It's hard to be completely unique. In fact, most successful ventures are only partially unique, different, or innovative. Unless you’ve moved into full-invention mode, it’s likely someone has created a version of what you are doing as a business, service or product. It’s likely that there are multiple people doing something very similar to you at the same time, on the same block, or around the world as you are. I’d even venture to say that if you can’t find something similar to your venture, it’s a sign you’re at one of the extremes: you’ve hit on something amazing, or you have a complete dud.
When the challenge of looking for ways to add "uniqueness" to your similar looking business, I recommend applying design process to areas of your business. Design can be the great differentiator. Here are three simple ways to apply design to your venture…aka hiring a designer or creative professional to help you uniquely stand out in similar spaces as your competition:
1. Competitive Visual Audit
Have a designer collect competitive and/or inspiring imagery, products, and collateral from a range of competitors, or other brands you like. Then compare design attributes like colors, messaging, imagery, branding and analyze the collection to identify possible voids in the market, or opportunities for differentiation. For example, things like a better name or logo, or color scheme to stand juxtaposed to competitors in your space. To optimize this exercise, create a list of questions to ask as the results you’ve collected are compared. Questions like, "why do I like this brand better than that one?" or "What color could I own in peoples mind, that others don't?"
2. Create an Identity System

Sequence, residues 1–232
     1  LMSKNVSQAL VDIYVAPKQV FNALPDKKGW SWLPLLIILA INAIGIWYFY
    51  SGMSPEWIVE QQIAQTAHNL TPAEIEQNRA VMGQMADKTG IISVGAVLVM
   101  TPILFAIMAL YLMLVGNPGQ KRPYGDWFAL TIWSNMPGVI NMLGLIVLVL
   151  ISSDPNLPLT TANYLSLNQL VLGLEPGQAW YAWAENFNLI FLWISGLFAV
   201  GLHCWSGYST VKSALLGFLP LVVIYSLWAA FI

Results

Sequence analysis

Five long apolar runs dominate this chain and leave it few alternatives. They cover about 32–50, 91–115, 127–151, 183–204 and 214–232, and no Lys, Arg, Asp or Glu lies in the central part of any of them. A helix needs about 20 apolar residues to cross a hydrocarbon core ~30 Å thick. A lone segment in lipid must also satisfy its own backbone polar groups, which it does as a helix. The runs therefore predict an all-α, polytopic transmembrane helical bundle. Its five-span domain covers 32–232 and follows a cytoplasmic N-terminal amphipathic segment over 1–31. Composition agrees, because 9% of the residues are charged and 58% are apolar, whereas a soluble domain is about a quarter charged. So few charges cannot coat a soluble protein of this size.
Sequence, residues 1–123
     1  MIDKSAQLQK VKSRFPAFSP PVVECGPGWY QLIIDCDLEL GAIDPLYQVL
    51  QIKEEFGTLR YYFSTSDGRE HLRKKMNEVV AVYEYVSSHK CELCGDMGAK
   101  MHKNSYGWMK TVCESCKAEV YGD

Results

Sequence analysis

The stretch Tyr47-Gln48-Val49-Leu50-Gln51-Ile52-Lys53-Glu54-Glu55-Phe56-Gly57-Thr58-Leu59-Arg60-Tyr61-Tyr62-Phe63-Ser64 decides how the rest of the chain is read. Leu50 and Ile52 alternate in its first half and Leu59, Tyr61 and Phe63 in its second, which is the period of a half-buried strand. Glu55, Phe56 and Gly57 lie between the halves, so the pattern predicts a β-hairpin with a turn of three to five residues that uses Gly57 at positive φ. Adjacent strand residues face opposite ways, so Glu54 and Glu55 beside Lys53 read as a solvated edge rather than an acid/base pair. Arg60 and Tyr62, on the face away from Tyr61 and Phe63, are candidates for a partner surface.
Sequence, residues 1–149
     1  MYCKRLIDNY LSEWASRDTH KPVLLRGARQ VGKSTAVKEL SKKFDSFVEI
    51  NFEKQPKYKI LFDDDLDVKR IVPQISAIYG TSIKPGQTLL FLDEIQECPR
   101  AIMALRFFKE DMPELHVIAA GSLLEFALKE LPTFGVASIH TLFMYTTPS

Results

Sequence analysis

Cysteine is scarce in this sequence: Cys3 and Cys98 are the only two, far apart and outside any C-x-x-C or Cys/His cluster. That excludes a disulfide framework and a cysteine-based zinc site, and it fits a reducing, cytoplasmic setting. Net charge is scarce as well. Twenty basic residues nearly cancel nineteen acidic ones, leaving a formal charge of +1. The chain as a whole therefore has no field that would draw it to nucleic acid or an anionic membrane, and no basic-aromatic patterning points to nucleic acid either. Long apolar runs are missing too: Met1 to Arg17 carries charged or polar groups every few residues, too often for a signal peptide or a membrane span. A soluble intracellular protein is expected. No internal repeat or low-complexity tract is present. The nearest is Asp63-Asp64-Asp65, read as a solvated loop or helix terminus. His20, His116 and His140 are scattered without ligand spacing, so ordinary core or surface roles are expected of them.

Even though the baseline for a solid corporate identity system is a memorable and easy to spell name and logo, a good designer can take your identity further by creating a defined application system for applying it to a range of items like; transportation, apparel, signage, web site, and collateral. This will give you a more unique, confident, consistent, and professional effect in the market place as the brand grows, and new opportunities arise. This effort can prove flexibility in your brand and give you a guide for brand extension. In some cases this application system can create a following of fans, and even an identity your employees or customers can identify with and rally around.
3. Brainstorm Brand Hooks
Spend a few hours with a designer or design team, and tell them what you’re about. Tell the designer what your consumers are like, what motivates them, what problems you’re trying to solve, and what you like and don't like about other brands, or your own brand. Make sure you add a white board and challenge the designers to help you come up with marketing hooks or "differentiating features" that you can incorporate, or even own to improve your company.
As more companies, services, and products become commodities, the need for uniqueness is important to stand out in your market. Working deeper with designers can help you find ways to differentiate your business, rise above the competitive noise, and often creates intellectual property and extra brand value. It’s worth the investment.